Republicans, on the other hand, slammed Sanders for saying he would cut aid to Israel and suggested that he lacks the understanding about the mechanism of the US military aid to Israel.
“It’s disturbing and it highlights this far-left trend in the Democratic Party,” Neil Strauss, national spokesman for the Republican Jewish Coalition, told the Post. “Conditioning military aid to Israel is something that was so far outside of the mainstream just six or 12 months ago, and all of a sudden, because Sanders and Elizabeth Warren and Pete Buttigieg have now embraced this idea, it’s becoming very mainstream.
“To talk down to Israel like we are dictating their internal security policy, that’s just not how we speak to, and act with, any of our other allies,” Strauss continued.
“He says he wants to take some of that money and give it right down to the people in Gaza. Either he doesn’t understand, or he doesn’t care, that the people who run Gaza, who administer it, is Hamas. What he is proposing is giving money to a terrorist group and hurting the people of Gaza.”
Strauss said that while some Democratic hopefuls are claiming to have a specific problem with the policies of Benjamin Netanyahu, in fact, these positions are at odds with most of the public in Israel.
“[They] would try to tell you, ‘Well, this is not anti-Israel, it’s anti-Netanyahu.’ This is a myth, because this is basically where Blue and White is [as well as the Likud], and where the Israeli people are. This is the policies that they’ve voted for. So, really, this isn’t anti Netanyahu; this is anti the overwhelming majority of the people of Israel.”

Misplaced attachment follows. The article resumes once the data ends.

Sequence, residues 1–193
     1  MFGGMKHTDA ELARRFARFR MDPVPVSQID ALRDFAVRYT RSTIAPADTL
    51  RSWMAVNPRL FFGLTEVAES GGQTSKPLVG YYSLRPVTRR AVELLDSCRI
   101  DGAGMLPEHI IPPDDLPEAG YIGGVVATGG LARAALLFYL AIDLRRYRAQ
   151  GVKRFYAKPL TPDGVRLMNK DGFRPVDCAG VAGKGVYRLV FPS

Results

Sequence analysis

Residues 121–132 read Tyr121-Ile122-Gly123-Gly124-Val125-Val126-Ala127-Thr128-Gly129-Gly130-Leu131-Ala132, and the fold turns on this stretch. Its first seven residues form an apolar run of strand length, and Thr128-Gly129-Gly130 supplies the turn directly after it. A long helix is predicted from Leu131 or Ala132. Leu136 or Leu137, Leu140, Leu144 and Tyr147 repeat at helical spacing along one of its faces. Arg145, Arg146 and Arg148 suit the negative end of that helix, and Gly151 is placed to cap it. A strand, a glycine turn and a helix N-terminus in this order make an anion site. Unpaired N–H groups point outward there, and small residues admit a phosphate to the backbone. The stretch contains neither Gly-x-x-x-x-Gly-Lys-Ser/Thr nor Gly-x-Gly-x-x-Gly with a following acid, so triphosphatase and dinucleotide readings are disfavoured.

MATTHEW DUSS, a foreign policy adviser for Sanders, told the Post that focusing on the aid mechanisms misses the point, which is opening a broader discussion about using U.S. aid “to diminish conflict and promote real security.”
“The point Senator Sanders was making is that there should be a reassessment of how U.S. military aid is given, not only in Israel but with a number of partners, to make sure that aid is genuinely promoting security and is not supporting violations of human rights,” he said.
“This is about an affirmative, positive vision of American leadership,” Duss added. “It’s not good enough for us just to pour all this money into buying and selling weapons. The humanitarian crisis in Gaza is a human rights issue that has also a serious security impact, on Palestinians but also on Israelis and the region. Sen. Sanders wants to look at ways to use the tools of foreign policy to help de-escalate conflicts and move toward peace and real security. A Gaza that lives in economic stability helps improve the security of Israel.”
When Sen. Sanders is speaking about conditioning aid to Israel, this is a stance that many in Israel, both on the Left and on the Right, strongly oppose and consider harmful. What is your response?
Duss: “This is a conversation from the perspective of US policy about Americans not wanting their money to go to support policies and practices that they disagree with. This is not specific to Israel. I think this is a debate that’s rising in relation to a bunch of other countries, and it’s long overdue. US taxpayer dollars shouldn’t be going to practices that contradict our own interests and values. If there are instances where they do, we need to look at how that money is being used.”